Saturday, 2 May 2015

The Condition of the Suffering souls in Purgatory, by Rev. John A. Nageleisen. On the Motives for Helping the Suffering Souls.

§ 55b. Motives Relating to Ourselves.

379. Yet there are and always have been persons, even amongst those "whose lips should keep knowledge" and at whose mouth we should "seek the law" (Malach. ii. 7), who deny this and contend that in heaven everything else is forgotten in God. This is a three-fold error; as much a contradiction of truth as it is a violation of charity. That consolation which the world cannot give is praised more highly than ever at the moment when the grave closes over the mortal remains of someone dear to us. And though time heals the wound caused by death, there are often days and hours when it bleeds anew. Therefore we deem it a grateful task to adduce such testimony approved by the Church as will be sufficiently strong to remove the shadows that would fain intrude themselves between the human 'eye and the next world; and to show in the mirror of faith that there is in heaven a blissful reunion of those who loved each other on earth.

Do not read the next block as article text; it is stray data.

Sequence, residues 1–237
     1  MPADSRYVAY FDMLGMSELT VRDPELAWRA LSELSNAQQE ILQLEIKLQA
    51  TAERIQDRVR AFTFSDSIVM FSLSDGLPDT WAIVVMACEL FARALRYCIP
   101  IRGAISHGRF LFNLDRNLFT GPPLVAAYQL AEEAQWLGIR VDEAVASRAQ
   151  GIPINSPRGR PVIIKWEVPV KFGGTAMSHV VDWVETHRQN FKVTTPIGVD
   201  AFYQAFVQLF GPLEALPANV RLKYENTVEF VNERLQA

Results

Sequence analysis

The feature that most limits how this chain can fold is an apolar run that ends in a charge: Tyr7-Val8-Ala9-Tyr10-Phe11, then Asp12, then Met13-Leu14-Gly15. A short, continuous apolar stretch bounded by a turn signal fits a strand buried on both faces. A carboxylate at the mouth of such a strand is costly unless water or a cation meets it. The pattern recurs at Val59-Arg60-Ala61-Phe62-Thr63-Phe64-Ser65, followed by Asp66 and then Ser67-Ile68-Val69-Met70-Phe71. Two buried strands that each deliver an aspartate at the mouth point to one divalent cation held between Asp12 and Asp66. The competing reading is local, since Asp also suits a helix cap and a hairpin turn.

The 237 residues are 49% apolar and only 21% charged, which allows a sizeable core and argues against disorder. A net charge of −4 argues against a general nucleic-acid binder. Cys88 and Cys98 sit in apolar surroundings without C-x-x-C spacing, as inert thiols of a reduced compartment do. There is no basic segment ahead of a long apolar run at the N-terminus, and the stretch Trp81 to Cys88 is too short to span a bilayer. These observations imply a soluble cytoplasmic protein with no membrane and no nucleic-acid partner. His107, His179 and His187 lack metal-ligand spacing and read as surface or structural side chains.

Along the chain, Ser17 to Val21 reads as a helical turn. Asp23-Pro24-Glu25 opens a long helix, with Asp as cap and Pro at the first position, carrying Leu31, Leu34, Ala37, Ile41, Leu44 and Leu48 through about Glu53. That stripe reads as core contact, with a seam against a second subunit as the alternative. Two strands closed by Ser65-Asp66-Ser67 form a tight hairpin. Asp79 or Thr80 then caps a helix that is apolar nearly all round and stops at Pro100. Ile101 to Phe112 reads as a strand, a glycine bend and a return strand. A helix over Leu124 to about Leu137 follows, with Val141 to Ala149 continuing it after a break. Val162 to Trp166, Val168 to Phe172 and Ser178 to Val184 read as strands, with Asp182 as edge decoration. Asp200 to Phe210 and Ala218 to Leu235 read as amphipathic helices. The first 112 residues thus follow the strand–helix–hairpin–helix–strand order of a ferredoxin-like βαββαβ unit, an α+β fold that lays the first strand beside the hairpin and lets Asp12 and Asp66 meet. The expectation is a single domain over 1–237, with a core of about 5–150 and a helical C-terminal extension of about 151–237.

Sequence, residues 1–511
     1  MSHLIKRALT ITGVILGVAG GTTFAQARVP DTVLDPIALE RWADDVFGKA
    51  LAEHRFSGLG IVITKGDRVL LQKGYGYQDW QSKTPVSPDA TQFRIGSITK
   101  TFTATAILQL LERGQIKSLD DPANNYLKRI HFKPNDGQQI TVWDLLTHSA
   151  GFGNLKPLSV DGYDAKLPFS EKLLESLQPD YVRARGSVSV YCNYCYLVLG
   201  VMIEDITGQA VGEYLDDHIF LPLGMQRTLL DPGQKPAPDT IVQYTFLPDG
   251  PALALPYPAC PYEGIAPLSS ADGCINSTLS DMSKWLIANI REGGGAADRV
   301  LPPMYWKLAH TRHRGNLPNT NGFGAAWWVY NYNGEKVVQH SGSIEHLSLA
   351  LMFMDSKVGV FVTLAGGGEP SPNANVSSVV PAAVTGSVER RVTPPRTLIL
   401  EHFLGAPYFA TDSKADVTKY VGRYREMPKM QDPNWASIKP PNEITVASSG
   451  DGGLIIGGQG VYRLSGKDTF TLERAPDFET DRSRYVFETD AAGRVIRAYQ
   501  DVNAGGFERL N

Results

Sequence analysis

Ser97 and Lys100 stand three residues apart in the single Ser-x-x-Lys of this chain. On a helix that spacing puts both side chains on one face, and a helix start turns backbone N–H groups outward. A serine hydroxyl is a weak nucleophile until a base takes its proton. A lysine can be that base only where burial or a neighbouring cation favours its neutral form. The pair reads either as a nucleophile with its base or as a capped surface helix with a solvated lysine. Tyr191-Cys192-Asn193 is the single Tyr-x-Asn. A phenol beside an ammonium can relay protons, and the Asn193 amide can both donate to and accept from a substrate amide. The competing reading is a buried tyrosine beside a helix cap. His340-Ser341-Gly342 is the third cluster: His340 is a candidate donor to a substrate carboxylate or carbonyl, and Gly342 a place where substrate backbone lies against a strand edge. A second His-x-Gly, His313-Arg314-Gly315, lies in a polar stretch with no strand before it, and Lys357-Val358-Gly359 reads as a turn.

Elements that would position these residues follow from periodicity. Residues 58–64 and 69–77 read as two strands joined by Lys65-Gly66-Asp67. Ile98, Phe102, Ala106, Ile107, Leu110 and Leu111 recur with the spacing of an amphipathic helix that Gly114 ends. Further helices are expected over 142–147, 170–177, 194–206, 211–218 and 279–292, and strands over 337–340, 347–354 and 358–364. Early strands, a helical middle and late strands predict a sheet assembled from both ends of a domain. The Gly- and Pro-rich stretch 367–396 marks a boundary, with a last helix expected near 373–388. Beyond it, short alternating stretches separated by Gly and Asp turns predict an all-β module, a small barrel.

380. Life in heaven is perfect, because it embraces everything that is good. In Purgatory it is imperfect, because it is deprived of the vision v of God, the essential good. In heaven the saints see God face to face; and in this divine mirror they behold everything essential to their eternal bliss: why should they not see and know the condition and needs of those who were dear to them on earth ? Besides their supernatural, infused knowledge the souls in Purgatory possess that natural and incidental knowledge which they acquired on earth, as was demonstrated in a former chapter. Is it rational to think, that among all their natural acquisitions they should be deprived of the very one best calculated to contribute to their eternal happiness or to the mitigation of their penal state— the knowledge of their relatives and friends on earth ? "Hence," says St. Gregory Nazianzen, "it is impossible that the inhabitants of the other world, despite their intimate intercourse with God, do not converse with one another about their past. By recounting their former combats and mutually communicating various other circumstances pertaining to their earthly existence, they are enabled to recognize one another as former contemporaries, neighbors, relatives and friends."